Blogger, activist, supporter of live entertainment, raconteur, content creator – there are many ways in which Toysoldier Thor can be defined. However, the one by which he is perhaps best known is that of artist – and deservedly so.
A resident of Second Life since 2008, Toy works in both 2D and 3D mediums, many of which bridge the physical and virtual “divide” in the most interesting of ways. While his art has been widely exhibited across the grid – and even interpreted through dance – perhaps the best way to become acquainted with his work is by visiting his in-world gallery.
It would be easy to attempt witticism by referring to the gallery as his “toybox”, but it would also be unfair; what is on offer across five floors of viewing rooms is a veritable treasure trove of unique art. All of the pieces on display are available for purchase (and any aficionado of art is going to be hard-pressed not to walk away with one or two purchases); but more to the point, each comes with its one descriptive note card, obtained by touching the work in question.
These cards are well worth reading. Far from being a purely descriptive piece on the art itself, they delve into the history of the work – the inspiration behind it, the techniques used to produce it, the sources from which Toy drew in developing it, and so on. In this way, the cards not only reveal more about the piece, they allow us to share in the entire creative process, and provide links to influences and so on, thus providing a unique insight into not only Toy’s craft, but also to Toy himself.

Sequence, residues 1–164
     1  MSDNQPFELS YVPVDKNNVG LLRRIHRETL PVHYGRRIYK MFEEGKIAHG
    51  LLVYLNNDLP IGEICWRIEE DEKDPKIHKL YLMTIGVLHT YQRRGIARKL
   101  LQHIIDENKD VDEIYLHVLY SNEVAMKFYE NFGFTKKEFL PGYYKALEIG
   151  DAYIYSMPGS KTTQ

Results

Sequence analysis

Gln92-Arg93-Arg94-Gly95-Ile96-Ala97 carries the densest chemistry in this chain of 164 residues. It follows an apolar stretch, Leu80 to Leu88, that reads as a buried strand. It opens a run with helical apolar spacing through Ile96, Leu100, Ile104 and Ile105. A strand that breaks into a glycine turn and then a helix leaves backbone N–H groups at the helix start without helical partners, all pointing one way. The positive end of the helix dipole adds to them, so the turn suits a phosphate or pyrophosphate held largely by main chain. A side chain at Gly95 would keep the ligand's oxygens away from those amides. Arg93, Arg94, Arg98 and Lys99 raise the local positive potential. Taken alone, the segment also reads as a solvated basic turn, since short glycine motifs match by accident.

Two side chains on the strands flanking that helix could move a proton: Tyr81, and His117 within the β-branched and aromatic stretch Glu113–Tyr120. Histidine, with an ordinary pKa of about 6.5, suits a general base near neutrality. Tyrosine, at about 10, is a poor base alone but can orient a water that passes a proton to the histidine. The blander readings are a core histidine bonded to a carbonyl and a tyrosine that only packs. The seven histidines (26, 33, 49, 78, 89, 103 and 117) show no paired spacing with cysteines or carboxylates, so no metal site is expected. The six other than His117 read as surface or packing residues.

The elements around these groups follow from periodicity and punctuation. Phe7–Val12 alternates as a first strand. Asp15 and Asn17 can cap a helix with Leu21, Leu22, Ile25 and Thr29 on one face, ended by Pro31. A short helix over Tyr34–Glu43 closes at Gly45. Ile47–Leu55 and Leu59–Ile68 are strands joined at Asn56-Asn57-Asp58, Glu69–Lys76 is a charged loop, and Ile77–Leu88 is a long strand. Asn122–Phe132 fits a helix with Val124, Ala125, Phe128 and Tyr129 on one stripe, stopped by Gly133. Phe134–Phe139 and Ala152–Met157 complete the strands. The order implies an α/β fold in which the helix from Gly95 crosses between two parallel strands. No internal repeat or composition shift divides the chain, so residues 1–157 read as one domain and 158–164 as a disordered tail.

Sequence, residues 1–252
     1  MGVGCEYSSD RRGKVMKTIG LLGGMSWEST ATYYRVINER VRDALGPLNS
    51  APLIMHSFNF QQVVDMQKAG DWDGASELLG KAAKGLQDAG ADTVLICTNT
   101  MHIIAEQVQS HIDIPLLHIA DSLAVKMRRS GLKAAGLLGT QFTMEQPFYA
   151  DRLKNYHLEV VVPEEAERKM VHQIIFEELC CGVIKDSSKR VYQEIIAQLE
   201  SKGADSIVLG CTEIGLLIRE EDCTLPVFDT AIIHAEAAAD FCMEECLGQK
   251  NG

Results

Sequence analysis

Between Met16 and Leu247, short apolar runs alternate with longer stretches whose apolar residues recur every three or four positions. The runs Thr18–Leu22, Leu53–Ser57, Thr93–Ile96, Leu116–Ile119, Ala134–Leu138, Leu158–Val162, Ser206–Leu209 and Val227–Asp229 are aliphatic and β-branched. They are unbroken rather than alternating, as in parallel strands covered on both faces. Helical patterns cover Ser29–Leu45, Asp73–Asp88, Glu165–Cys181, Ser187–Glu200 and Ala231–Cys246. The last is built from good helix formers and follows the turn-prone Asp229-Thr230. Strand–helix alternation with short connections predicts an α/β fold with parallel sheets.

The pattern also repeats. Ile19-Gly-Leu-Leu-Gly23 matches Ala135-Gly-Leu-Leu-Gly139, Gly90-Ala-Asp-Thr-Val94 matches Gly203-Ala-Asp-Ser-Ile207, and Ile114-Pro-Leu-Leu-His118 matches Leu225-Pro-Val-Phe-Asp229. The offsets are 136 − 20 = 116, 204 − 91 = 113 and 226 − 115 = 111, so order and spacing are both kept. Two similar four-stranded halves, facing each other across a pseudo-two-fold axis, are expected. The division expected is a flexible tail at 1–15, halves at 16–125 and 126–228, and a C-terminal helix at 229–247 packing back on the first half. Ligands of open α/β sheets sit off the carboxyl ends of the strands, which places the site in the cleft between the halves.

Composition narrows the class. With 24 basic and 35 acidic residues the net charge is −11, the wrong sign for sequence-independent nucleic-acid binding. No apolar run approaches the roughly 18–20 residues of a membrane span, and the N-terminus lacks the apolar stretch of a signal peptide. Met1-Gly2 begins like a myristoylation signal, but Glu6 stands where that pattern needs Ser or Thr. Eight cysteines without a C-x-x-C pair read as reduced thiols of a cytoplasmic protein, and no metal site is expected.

The uppermost floor of the gallery includes a number of Toy’s mesh sculptures, including the remarkable Shattered. A remarkable and emotive piece Toy has produced as both 2D art in the physical world and a 3D mesh model in Second Life, Shattered and the artist have been engaged on a remarkable journey, further narrowing the perceived divide between the virtual and the physical; the piece first becoming a 3D printed model, and which now looks set to become cast in bronze in the physical world as well (and which you can still pre-order).
It’s actually this element of physical / virtual cross-over that I find really compelling in Toy’s art. By this, I don’t mean how he might use Photoshop or other digital wizardry in order to edit and enhance photos originating from in-world, but how he actually combines virtual and physical world images to create some quite spectacular works of art. As examples of this, I would point visitors to both Assassin’s Prayer and to Death Seer (seen in the above picture, on the right), which are, in a gallery of quite extraordinary art, utterly stunning.
Those familiar with toy’s work will need no prompting when it comes to a visit to his gallery. If, however, you’ve not taken the time to pay a visit, then it is well worth adding to your itinerary. Anyone who enjoys and appreciates art in either the virtual or the physical world is unlikely to be disappointed; quite the reverse, in fact.